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Roots and resilience

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Roy's father, brokenhearted after his wife died during childbirth, passed away himself four years later, leaving Roy to lead the family at 21. The Great Depression was unkind to farmers like Roy, but he fought to take custody of his four siblings and to keep the farm. To make it work, the entire family pulled together. Roy's sister Irene dropped out of eighth grade to raise her younger siblings and take care of the household responsibilities.

"Irene was more like a mother to me than a sister," says Ethel Coltrane Whitaker, the youngest of Roy's siblings, from the porch of the home she and her siblings grew up in. The one-story white house is immaculate. Old photographs and antiques fill the inside of the house while beds of colorful pansies and rosebushes bloom outside. A black-and-white picture of the family posing in front of the house with a horse and buggy sits in the living room, reminding them all of a very different time.

Ethel looks down at the enormous Bible spread across her lap. "My mama and daddy bought this Bible over a hundred years ago," she says. "All the births and deaths of our family members are recorded here." Her delicate finger points to the year Irene died.

All of Roy's siblings, his son, grandchildren, and great-grandchildren now live on the family farm. Despite the demanding nature of their work, there is still a simple rhythm to their lives. They have an unwavering commitment to one another. Every afternoon Branson and his wife eat lunch with Roy and Margaret. The breaking of steaming biscuits and fresh garden vegetables is more than a meal – it's a way for the family to constantly reconnect.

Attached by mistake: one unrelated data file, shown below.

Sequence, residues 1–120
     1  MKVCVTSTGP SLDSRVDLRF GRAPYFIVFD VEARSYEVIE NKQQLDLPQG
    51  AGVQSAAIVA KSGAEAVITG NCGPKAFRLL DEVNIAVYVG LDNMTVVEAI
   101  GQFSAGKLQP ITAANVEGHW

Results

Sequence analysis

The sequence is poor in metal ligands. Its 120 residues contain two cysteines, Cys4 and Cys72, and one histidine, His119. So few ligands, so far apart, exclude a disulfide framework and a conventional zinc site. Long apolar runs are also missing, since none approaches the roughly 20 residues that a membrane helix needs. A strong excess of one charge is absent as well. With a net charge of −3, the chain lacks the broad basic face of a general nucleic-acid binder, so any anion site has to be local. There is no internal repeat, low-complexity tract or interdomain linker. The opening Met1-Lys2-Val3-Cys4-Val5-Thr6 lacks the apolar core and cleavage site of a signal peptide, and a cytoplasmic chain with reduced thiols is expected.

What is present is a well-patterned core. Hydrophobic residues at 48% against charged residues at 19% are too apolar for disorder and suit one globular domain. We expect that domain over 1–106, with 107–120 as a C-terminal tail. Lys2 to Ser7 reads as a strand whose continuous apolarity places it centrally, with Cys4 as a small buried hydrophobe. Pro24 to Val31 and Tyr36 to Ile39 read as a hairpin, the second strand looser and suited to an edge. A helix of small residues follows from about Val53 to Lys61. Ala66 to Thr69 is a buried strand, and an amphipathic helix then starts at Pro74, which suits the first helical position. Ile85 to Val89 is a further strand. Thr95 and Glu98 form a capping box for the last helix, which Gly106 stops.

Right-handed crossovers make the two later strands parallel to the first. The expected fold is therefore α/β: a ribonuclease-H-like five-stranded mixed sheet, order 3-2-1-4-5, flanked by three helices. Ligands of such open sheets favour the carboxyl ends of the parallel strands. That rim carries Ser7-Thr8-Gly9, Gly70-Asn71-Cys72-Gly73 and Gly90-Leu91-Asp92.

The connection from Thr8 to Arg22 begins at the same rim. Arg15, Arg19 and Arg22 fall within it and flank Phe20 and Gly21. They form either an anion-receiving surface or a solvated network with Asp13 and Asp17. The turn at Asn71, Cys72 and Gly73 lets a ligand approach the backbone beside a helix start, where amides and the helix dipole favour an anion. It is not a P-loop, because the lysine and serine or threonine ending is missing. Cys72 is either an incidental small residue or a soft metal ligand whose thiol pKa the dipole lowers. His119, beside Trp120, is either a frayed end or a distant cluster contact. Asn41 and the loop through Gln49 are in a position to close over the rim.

"I think one of the things that's kept us together is that we make time for each other," says Branson. "When I got married over 45 years ago, my father-in-law told me I [had] better be at his house every Sunday for lunch. Nearly a half century later we are still having Sunday lunch together. That's real important."

Looking at the neatly planted cornfields that stretch for miles against the autumn sky, it's hard to imagine the responsibility that goes with maintaining the land. To keep the farm going, everyone contributes. Branson and his daughter-in-law, Amy, are up by 4 a.m. every day. They begin their days at the calving barn, a giant tin structure the size of a football field. They work in a seamless rhythm nearly 365 days a year. Branson, who says he loves the stillness of early morning, drives an old all-terrain vehicle (ATV) as he shuttles between the plastic stalls where the calves are corralled, while Amy pulls out huge baby bottles for the lowing herd.

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